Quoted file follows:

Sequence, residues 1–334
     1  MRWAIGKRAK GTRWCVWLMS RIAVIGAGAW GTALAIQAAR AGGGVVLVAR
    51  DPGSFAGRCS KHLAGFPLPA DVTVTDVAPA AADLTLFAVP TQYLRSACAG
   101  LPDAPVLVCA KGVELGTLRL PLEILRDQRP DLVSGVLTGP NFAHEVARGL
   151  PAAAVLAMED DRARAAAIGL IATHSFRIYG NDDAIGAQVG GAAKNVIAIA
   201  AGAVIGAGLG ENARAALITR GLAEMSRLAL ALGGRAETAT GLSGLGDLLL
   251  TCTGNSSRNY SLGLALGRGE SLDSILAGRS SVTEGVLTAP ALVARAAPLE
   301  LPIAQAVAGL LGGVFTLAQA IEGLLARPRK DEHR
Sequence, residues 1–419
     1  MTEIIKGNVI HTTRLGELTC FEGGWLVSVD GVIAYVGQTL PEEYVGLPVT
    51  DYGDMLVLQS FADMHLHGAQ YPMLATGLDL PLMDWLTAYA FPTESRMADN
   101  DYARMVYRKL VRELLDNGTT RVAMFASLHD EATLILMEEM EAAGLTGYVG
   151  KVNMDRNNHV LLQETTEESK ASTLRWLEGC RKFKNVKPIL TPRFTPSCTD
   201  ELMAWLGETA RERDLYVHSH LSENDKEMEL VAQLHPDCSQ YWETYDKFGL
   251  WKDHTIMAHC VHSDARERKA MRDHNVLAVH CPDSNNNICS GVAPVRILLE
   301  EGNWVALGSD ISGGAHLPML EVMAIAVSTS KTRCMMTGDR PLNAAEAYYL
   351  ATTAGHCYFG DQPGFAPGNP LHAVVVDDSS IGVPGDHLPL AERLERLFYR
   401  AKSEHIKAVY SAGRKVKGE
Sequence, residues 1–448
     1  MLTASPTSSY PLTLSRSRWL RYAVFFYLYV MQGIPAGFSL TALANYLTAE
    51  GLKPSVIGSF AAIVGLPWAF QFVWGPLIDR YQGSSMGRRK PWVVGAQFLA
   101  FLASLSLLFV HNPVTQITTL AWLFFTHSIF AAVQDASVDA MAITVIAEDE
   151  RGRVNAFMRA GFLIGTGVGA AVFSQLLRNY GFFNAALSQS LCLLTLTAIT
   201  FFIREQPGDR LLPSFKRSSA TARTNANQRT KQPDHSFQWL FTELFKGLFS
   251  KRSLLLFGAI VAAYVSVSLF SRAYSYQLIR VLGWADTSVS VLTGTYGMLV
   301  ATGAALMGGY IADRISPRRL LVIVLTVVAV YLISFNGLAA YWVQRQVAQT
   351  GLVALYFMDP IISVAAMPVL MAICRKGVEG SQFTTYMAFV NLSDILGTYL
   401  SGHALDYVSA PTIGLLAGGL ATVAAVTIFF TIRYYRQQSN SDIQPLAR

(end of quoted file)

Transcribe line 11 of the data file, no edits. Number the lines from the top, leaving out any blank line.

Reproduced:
    51  DYGDMLVLQS FADMHLHGAQ YPMLATGLDL PLMDWLTAYA FPTESRMADN